Woman interviewing for job

Among full-time, year-round workers, women in the Unites States are typically paid only 84 cents for every dollar paid to men. This gap in earnings translates into $9,990 less per year in median earnings, leaving women and their families shortchanged.

The loss of 16 cents on the dollar adds up over a month, a year, and a lifetime. Based on this wage gap, women, regardless of their race or ethnicity, would lose $399,600 over the course of a 40-year career. For Native women compared to white, non-Hispanic men, the career losses mount to $1,149,880, for Latinas the losses are $1,218,000, for Black women the losses are $884,800, and for Asian American, Native Hawaiian, and Other Pacific Islander women (AANHPI) the losses are $187,616. If action isn’t taken to close the wage gap, a woman starting her career today stands to lose between hundreds of thousands of dollars and more than $1 million over the course of her career, undercutting her ability to provide for herself and her family, build wealth, gain education, and secure her retirement.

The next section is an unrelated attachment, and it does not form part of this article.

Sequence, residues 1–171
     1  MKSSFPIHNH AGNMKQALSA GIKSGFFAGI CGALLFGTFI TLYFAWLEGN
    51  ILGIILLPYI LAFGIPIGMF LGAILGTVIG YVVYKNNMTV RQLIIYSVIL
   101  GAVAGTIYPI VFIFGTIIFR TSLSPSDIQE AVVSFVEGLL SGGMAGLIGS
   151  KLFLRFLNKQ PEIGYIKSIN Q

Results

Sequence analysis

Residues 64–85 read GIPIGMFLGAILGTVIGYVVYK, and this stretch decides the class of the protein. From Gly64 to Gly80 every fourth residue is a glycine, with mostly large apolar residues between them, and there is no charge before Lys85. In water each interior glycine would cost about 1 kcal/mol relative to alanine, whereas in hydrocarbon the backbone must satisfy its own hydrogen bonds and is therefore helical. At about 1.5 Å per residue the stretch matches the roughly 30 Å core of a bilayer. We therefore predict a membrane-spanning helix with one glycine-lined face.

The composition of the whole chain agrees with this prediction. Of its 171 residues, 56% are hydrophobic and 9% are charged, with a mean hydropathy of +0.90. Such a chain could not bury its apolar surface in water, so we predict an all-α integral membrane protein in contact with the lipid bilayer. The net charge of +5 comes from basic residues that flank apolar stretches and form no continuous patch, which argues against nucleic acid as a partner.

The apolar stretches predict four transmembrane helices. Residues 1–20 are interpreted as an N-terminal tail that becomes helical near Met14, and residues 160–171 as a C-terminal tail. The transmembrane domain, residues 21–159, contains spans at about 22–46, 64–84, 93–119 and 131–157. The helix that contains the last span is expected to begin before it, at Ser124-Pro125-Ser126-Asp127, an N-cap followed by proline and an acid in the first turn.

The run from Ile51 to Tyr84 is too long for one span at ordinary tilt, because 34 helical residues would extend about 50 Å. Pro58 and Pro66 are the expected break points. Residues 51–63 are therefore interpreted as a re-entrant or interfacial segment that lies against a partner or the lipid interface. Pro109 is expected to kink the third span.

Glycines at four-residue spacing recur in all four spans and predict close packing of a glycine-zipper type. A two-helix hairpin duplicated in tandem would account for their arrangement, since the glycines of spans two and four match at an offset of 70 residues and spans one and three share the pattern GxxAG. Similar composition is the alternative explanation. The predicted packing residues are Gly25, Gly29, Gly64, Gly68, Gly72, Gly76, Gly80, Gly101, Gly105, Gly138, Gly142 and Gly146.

Assuming a woman, regardless of her race or ethnicity, begins working full time, year-round at age 20, the wage gap means she would have to work until she is nearly 68 years old to be paid what her male counterpart would be paid by age 60. Black, Latina, and Native women would have to work full time, year-round to nearly age 80 or 90—beyond their life expectancies—to make what white non-Hispanic men are paid by age 60.